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Here’s a crass joke: A man is at a dinner party in a 40th floor apartment. He announces to the rest, “You know, the wind out there is so strong, that if you jump out the window, it will blow you all around the building and right back in!” The other guests laugh at the absurdity of such an assertion, but the man persists: “I’ll prove it!” He jumps out the window and, sure enough, he ends up floating around the building and re-entering, safely, in the window he defenestrated himself out of just moments earlier. Another guest, wanting the thrill of a lifetime, quickly jumped out the window before anyone else could stop him — and plummeted to his death.

The bartender then pointed at the first guest: “You can be a real jerk when you’re drunk, Superman.”

Again, that’s a joke. But on December 2, 1979, Elvita Adams showed that sometimes, even normal, everyday people can be a little bit super.

That evening, Adams, then age 29 and living in the Bronx, decided to take her own life. The reasons are unclear, but most likely, Adams was suffering from severe depression and in a fight with her landlord and about to be evicted. She went to the Empire State Building in midtown Manhattan to the observatory on the 86th floor. She scaled a seven foot fence (replete with steel spikes) and jumped.

That, in and of itself, is nothing terribly peculiar. A few dozen people have jumped to their deaths off the Empire State Building, the first occurring before the building was even completed when a laid-off worker took his own life that way. In 1947, a 23 year-old jumped, leaving a crossed-out suicide note about how an unnamed man would be “much better off without [her]” and that she would not have made a very good wife. Her body was found on a limousine at the building’s base, and LIFE magazine ran a picture of her body, so situated, as seen here. And just a few years ago, a 54 year-old Manhattan woman took her life in similar fashion.

But Adams, pictured above, did something none of the others can claim to have done. She survived.  A wind gust — a very strong one, certainly — caught hold of her and blew her back toward the building, albeit one floor down. She landed on a ledge on the 85th floor very much alive, where a security guard found her before she could make another attempt. The only damage to her body? A fractured hip.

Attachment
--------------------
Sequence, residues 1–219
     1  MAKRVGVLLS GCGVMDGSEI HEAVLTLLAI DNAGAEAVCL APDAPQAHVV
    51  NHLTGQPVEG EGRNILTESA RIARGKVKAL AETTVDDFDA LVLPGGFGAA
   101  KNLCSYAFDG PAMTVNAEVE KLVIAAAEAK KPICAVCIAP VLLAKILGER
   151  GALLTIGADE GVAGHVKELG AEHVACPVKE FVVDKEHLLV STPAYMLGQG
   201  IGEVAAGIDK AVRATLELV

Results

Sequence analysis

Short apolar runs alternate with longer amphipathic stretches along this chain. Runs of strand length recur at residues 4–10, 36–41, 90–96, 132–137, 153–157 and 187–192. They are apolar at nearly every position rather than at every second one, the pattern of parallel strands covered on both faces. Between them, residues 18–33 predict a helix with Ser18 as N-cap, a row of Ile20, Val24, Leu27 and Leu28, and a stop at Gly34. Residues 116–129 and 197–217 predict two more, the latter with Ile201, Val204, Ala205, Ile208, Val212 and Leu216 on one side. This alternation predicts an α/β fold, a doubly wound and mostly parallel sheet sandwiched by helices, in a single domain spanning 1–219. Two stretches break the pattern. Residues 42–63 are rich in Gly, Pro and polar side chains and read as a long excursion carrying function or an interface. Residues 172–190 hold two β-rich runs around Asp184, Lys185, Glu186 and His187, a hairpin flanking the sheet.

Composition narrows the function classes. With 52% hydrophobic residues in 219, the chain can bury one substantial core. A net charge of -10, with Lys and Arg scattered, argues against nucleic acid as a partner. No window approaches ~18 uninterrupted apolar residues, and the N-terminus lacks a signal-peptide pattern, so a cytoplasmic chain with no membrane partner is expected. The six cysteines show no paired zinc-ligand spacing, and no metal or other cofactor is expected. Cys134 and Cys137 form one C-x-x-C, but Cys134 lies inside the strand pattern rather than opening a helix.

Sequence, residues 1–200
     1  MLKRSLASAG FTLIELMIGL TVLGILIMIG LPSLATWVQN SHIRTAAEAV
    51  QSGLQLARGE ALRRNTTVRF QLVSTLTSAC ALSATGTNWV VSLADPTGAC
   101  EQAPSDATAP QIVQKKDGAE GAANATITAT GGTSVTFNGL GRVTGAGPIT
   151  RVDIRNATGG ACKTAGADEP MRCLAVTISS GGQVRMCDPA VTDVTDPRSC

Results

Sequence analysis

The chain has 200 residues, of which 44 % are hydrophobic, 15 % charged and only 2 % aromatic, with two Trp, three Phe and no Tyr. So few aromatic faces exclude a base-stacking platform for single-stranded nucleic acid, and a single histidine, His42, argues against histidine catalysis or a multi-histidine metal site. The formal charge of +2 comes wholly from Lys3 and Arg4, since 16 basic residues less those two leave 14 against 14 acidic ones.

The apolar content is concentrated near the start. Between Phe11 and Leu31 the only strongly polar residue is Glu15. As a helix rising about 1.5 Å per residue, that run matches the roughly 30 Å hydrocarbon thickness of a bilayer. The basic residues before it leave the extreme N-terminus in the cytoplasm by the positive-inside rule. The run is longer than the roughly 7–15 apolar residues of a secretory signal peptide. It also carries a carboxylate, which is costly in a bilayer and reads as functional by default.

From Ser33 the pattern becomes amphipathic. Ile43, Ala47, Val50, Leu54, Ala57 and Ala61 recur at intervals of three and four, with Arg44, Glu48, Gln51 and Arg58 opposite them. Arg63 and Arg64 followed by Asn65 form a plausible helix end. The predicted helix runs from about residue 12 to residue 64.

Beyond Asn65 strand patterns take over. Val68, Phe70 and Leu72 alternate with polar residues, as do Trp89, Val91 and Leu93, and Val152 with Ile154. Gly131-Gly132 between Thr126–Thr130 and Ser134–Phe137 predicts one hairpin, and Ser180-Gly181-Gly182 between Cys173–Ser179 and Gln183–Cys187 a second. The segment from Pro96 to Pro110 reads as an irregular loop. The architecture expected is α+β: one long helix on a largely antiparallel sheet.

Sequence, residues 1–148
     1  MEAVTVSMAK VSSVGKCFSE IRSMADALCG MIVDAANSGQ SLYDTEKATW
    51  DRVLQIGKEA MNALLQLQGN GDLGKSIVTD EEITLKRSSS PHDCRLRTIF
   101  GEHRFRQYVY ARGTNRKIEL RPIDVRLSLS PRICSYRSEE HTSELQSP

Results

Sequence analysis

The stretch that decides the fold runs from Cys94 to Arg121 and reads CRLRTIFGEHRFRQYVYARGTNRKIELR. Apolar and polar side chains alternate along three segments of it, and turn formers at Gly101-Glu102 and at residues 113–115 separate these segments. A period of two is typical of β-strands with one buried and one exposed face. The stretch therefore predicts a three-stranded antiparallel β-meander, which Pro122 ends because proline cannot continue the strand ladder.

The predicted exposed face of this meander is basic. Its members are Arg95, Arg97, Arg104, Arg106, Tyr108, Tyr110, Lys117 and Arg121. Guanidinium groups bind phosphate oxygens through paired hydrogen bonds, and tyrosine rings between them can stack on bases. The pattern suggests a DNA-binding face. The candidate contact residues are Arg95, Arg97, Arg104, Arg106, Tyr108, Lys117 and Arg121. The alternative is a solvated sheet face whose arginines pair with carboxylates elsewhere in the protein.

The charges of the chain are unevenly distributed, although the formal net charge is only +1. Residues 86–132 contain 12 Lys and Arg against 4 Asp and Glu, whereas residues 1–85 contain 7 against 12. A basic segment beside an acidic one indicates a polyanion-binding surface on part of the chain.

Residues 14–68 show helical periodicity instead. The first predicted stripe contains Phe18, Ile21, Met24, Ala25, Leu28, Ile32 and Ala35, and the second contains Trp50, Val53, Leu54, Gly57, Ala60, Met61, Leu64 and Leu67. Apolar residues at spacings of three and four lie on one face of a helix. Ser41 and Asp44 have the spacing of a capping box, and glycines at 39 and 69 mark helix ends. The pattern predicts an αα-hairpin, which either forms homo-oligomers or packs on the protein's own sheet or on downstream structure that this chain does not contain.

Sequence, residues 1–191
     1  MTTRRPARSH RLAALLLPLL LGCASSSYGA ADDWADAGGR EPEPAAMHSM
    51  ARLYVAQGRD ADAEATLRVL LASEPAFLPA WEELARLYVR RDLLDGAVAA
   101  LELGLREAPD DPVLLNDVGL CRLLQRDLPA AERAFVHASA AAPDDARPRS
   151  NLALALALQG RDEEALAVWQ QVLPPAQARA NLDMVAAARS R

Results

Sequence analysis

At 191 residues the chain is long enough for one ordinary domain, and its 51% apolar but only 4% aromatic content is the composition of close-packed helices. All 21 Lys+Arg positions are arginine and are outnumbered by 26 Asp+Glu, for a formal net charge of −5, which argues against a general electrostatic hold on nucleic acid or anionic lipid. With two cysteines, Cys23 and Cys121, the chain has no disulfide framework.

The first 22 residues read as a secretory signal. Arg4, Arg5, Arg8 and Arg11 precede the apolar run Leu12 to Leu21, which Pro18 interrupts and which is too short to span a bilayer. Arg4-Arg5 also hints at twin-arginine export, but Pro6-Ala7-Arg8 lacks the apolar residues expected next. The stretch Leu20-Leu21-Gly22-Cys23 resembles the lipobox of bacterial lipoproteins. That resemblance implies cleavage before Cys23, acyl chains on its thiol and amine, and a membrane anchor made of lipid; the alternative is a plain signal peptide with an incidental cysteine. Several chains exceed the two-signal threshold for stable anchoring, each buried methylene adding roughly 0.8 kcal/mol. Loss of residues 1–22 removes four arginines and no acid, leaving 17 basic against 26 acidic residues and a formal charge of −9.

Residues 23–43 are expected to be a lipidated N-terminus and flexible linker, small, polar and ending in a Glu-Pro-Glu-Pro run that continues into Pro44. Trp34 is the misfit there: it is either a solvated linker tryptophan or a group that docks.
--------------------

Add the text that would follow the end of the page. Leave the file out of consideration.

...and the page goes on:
Adams was taken to a mental institution to recuperate, both mentally and physically. Her current whereabouts are not publicly known.

Bonus fact: If Adams is Superwoman, Jeb Corliss is her not-so-super alter-ego. On April 27, 2006, Corliss — who, at the time, hosted the Discovery Channel’s Stunt Junkies – tried to parachute off the side of the Empire State Building from the 86th floor observatory. He was unsuccessful. While he was able to get to the observatory deck (he wore a fat suit to obscure the parachute), when he began to climb the fence, security guards took note and went after him. Corliss scaled the fence successfully but before he could jump, the security guards grabbed him and held on until others could reel him in. (Here’s a video showing most of that — it cuts off before he’s brought back in.) Corliss was arrested and charged with reckless endangerment and fired from his Stunt Junkies gig, but Corliss shot back with a lawsuit of his own, suing the city, demanding that it issue permits for such jumps. He lost. And then he lost again: Corliss was later sued by the building for $12 million; the two sides settled. And finally, he lost a third time. In 2012, he jumped out of an airplane in a flying squirrel suit in southern Africa, but crashed into a mountain and broke both his legs.

From the ArchivesThe World’s Littlest Skyscraper: It’s … not very big. For a skyscraper, at least.

RelatedA seven-inch scale model of the Empire State Building. Safe to jump over. Hard to jump off of, unless you’re really really tiny.

Originally published

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